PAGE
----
Blog business: This will be my last full album review here for the time being. I have become involved in some things, and I find that this kind of post requires me set aside a large block of time that I am finding it increasingly difficult to find. I will be going back to spotlight posts and single-song coverage. On the plus side, I am hoping that this will mean that I can get back to posting far more often than I have been lately.
Saturday, January 28, 2012
Saturday, January 7, 2012
A belated Happy New Year to all of my readers. New Years is the time not only for looking forward, but also for looking back at the old year and summing up. This is why the month of January takes its name from the ancient Roman god Janus, who had two faces, and was always looking behind him and forward at the same time. The Lord of Two Faces, a club named after him, would feature a selection of music that moves forward by drawing on the past in new ways. It’s a tricky thing to balance. The music can sound like an oldies act if overdone in one way, or it can come unmoored from the body of tradition that inspired it if overdone the other way. But, when the proper balance is found, the resulting music can sound both familiar and refreshingly new at the same time. Let’s have a listen.
Mark “Pocket“ Goldberg: This Train
The foundation for the music of Mark “Pocket” Goldberg is clearly the blues. The music is partially electric, but Goldberg’s instrument is the stand up bass. In terms of vocals, Goldberg has the bluesy growl you would expect if you thought that Howlin’ Wolf and Tom Waits were somehow related to him. Despite that, Goldberg can sound very soulful on the ballads here. This Train is more of a blues incantation than a ballad. Goldberg and his band are after a gritty intimacy here, and they hit it perfectly. Rather than sounding like something crafted in a recording studio, (even though it surely was), this music sounds like something that was in a man’s heart and just had to come out. The gospel-like backing vocals in This Train are done in a way that only enhances this effect. All of the songs here were written or co-written by Goldberg. Within the blues form, which he stretches somewhat, Goldberg writes more involved lyrics than are typical of the blues. This allows Goldberg to tell detailed stories, but the emotional immediacy of the blues is preserved.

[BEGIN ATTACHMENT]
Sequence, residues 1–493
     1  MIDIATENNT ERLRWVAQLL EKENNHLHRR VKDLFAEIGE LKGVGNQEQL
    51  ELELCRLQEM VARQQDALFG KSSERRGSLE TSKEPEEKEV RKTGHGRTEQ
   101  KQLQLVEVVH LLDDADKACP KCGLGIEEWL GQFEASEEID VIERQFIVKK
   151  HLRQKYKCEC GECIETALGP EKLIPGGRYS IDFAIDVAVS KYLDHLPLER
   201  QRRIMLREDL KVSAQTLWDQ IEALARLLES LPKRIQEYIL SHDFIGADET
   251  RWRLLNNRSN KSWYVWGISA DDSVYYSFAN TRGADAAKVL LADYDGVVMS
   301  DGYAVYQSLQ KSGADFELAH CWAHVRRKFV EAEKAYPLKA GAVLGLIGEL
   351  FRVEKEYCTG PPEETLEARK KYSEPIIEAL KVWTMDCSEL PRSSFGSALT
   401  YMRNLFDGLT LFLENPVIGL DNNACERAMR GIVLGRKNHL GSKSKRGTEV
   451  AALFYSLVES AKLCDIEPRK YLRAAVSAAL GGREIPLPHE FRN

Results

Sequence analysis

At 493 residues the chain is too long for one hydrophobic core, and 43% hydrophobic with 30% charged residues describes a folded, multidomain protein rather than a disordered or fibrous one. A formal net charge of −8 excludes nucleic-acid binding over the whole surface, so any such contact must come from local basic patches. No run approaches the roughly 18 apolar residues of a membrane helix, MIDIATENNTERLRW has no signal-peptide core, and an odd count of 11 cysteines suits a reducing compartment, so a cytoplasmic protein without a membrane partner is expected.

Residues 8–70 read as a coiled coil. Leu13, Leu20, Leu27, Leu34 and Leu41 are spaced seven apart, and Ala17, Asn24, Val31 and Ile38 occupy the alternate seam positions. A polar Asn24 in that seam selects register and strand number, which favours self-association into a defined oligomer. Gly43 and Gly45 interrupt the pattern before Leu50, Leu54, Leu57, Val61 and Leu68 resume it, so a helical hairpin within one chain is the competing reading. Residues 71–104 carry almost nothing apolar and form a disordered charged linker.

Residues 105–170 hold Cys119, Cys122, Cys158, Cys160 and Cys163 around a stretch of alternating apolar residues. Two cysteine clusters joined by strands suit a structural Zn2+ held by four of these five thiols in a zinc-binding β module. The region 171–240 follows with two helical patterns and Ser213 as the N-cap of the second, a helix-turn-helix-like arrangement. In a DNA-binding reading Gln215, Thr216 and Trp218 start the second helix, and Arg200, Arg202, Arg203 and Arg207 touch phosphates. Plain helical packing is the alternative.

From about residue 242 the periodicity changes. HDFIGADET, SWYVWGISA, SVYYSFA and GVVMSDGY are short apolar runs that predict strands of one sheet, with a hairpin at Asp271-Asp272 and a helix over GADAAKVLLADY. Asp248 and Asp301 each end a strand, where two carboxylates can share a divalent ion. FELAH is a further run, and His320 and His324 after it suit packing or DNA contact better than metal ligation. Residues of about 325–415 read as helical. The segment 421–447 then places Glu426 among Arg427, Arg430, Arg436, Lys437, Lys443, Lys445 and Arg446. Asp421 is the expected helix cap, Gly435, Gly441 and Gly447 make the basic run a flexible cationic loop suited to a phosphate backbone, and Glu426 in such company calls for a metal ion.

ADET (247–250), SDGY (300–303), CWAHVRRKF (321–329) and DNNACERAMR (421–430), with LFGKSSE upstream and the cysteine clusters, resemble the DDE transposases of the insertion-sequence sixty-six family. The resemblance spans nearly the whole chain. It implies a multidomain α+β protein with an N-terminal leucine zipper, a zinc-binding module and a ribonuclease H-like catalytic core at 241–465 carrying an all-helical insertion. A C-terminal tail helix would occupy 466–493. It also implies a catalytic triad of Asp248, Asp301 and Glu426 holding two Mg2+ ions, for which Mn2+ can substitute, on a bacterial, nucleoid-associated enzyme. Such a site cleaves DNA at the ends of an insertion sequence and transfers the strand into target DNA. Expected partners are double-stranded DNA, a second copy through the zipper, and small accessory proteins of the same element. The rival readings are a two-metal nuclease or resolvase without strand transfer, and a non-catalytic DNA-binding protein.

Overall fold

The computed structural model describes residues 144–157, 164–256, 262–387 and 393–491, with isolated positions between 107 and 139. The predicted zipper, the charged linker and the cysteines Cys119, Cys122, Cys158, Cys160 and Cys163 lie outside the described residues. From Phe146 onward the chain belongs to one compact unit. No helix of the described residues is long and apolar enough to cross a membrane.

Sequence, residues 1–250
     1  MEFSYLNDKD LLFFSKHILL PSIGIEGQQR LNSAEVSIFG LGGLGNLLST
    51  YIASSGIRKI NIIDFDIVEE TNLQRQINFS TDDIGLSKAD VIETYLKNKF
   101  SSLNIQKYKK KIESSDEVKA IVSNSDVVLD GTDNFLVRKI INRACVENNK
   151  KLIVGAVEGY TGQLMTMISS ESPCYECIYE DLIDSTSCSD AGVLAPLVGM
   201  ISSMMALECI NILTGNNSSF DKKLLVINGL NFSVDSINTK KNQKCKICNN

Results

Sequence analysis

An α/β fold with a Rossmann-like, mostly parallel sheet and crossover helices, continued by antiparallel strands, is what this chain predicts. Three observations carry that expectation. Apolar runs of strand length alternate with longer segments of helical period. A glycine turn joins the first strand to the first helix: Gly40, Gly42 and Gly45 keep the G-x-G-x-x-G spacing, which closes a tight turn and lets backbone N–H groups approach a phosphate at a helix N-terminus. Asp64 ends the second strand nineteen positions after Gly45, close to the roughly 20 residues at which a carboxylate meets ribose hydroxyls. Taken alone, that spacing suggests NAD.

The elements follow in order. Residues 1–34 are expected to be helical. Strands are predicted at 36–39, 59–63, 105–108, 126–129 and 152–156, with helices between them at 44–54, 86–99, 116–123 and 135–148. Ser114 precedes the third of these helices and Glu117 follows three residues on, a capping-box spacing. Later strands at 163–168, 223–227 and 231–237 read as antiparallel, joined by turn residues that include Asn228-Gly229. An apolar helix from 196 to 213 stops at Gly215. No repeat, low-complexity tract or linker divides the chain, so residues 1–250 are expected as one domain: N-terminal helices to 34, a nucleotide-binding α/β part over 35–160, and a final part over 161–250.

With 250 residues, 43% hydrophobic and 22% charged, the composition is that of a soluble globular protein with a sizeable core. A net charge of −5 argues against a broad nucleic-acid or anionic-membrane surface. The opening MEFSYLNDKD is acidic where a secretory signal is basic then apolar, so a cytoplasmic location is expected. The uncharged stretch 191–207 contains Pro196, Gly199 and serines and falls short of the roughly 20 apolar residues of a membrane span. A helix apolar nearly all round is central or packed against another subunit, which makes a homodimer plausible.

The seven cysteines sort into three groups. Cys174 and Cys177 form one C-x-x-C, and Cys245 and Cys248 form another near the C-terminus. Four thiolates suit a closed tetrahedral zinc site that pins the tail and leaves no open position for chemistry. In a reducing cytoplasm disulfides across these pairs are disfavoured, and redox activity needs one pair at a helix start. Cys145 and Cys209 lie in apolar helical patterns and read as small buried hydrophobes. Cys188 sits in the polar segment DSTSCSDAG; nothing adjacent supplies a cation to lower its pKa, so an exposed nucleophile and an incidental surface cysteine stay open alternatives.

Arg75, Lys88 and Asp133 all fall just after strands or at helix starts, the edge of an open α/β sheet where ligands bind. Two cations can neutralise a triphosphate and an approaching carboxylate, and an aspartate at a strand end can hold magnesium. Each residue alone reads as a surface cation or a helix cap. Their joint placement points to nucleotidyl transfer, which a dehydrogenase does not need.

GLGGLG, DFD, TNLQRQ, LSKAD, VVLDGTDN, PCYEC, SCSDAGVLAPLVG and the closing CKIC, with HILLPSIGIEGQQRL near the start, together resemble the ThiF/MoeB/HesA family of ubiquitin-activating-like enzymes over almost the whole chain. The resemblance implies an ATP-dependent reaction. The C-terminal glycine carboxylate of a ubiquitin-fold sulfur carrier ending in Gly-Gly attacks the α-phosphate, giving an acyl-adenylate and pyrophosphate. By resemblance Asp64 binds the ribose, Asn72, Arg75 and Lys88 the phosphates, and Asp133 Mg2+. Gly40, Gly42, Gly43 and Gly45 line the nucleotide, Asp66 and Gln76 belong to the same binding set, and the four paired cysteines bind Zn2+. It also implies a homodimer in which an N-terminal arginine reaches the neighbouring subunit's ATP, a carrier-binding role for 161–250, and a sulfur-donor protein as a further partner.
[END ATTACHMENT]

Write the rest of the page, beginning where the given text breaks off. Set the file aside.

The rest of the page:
The Way Down Low: Check My Condition
The Way Down Low are a four piece band whose members play mandolin, acoustic guitar, banjo, and upright bass. Three of the band members sing. Must be bluegrass, right? Not exactly. Bluegrass is certainly an element, but so is rock. The band displays a sensibility that reminds me of the Violent Femmes. And there is also a jazzy element that shows up more prominently in some songs than others. The Way Down Low get all of this to make perfect sense, through their high energy performances. Perhaps the most remarkable aspect of all this is the fact that this is their debut album. They show an assurance and a well defined sense of musical identity that is very rare for a new band. The future for the Way Down Low seems very bright.
Elephant Revival: Drop